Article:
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Sonic visions : intertextual relations of words, music and image in Japanese nô theatre Stothers, Deborah Lee

Abstract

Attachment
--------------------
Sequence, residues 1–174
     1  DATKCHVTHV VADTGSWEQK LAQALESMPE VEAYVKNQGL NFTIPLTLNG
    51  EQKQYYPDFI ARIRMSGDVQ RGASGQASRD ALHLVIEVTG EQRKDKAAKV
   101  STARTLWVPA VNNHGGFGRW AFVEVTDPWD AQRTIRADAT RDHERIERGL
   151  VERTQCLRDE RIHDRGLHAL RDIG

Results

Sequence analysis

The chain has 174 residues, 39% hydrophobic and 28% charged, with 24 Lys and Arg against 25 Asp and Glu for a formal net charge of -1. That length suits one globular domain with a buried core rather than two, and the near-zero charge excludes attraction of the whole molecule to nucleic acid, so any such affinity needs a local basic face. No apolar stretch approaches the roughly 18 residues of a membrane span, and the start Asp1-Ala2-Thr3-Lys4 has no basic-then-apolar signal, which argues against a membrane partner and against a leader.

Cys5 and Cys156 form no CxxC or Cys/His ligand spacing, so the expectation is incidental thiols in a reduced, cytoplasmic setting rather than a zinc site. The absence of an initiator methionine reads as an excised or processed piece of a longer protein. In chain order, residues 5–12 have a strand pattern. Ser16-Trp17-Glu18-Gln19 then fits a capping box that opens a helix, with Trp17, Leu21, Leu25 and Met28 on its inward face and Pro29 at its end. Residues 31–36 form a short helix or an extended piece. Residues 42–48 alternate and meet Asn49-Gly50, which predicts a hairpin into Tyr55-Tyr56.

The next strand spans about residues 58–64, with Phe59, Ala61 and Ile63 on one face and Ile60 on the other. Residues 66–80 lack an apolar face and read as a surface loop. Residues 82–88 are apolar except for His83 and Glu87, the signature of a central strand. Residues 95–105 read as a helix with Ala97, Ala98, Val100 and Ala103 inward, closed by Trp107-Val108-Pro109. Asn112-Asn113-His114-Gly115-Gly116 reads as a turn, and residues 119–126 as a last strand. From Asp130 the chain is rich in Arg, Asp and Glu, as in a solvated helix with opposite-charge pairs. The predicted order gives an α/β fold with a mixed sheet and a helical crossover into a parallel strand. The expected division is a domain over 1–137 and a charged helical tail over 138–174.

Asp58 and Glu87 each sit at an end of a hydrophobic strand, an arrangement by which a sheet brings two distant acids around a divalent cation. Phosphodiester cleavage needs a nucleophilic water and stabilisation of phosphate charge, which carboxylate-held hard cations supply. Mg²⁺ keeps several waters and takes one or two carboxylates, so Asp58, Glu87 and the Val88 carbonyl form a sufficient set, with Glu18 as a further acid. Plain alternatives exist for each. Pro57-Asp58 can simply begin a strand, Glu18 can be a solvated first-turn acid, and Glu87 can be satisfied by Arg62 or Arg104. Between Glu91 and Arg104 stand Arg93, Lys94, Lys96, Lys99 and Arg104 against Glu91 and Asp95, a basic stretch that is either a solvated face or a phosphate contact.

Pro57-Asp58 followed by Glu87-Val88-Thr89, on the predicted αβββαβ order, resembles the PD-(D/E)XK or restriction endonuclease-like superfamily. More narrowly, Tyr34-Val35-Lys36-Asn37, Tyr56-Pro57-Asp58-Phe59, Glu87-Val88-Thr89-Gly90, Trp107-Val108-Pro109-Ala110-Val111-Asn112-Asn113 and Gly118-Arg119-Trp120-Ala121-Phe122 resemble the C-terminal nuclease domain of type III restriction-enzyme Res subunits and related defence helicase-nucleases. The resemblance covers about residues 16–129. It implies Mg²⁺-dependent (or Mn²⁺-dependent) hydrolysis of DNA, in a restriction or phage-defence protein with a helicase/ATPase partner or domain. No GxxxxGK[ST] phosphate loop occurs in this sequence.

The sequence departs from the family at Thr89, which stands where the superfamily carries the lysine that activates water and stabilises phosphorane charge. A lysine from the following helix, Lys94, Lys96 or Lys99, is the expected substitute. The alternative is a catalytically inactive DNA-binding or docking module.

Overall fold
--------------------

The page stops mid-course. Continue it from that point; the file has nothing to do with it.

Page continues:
This study on Japanese no theatre addresses questions pertaining to contemporary concerns on text and performance: Who perceives in the no, and how is author/performer/ audience intersubjectivity achieved? How are we to discern this art form's sonically coded intertextuality? When no plays were acquiring written form during the medieval period (1186- 1573), Japan was in the process of transition from an oral and ritual performance tradition to the increasing predominance of written language. Thus, it is appropriate to situate these questions at the interstices of oral, written, musical and performance texts. The historical no audience actively remembered through snatches of lost phrases, half forgotten songs, past stories and poetry learned by heart. Audience engagement constituted a continuous process of calling to mind in the performative present that which had slipped into past memory. With regards to plays by three major no playwrights (Kan'ami, Zeami, Zenchiku), subjective intent was mirrored on the polished stage of audience collective memory. In adopting the methodology employed in the analyses of no literary texts and their corresponding chanted melodies this investigation acknowledges the precision with which no plays were created as intertextual blueprints of literary and performative affective-expression. On the basis of a linguistic principle governing Classical Japanese called kakari musubi Cgrammatical concord' or 'agreement'), contrastive particles as they are used in the no are argued to be remnants of an oral tradition in the process of transition. They act as performative links between the written and chanted texts, signalling intertextual references and coinciding musically with an intensification of the melodic line. The procedure of mapping particles in relation to the chanted melody of the immediate text and its intertextual source material reveals contrastive and sometimes unexpected significations. The distinct ways in which a play's sonic intertext is combined or juxtaposed with its visual and perceptual fields shed light on individual stylistic differences between the three founding no playwrights receiving comparative treatment in this investigation.

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